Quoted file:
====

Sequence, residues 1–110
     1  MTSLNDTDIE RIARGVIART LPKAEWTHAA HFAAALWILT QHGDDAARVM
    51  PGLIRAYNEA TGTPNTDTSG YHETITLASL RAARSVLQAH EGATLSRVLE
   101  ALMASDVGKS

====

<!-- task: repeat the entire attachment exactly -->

Sequence, residues 1–110
     1  MTSLNDTDIE RIARGVIART LPKAEWTHAA HFAAALWILT QHGDDAARVM
    51  PGLIRAYNEA TGTPNTDTSG YHETITLASL RAARSVLQAH EGATLSRVLE
   101  ALMASDVGKS